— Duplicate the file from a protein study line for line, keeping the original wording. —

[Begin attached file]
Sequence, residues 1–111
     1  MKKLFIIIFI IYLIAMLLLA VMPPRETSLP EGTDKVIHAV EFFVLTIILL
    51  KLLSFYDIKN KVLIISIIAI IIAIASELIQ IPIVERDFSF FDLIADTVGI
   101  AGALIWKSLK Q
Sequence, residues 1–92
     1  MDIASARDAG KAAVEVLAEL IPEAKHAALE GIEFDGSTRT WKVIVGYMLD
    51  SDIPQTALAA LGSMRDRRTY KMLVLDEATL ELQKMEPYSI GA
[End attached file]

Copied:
Sequence, residues 1–111
     1  MKKLFIIIFI IYLIAMLLLA VMPPRETSLP EGTDKVIHAV EFFVLTIILL
    51  KLLSFYDIKN KVLIISIIAI IIAIASELIQ IPIVERDFSF FDLIADTVGI
   101  AGALIWKSLK Q
Sequence, residues 1–92
     1  MDIASARDAG KAAVEVLAEL IPEAKHAALE GIEFDGSTRT WKVIVGYMLD
    51  SDIPQTALAA LGSMRDRRTY KMLVLDEATL ELQKMEPYSI GA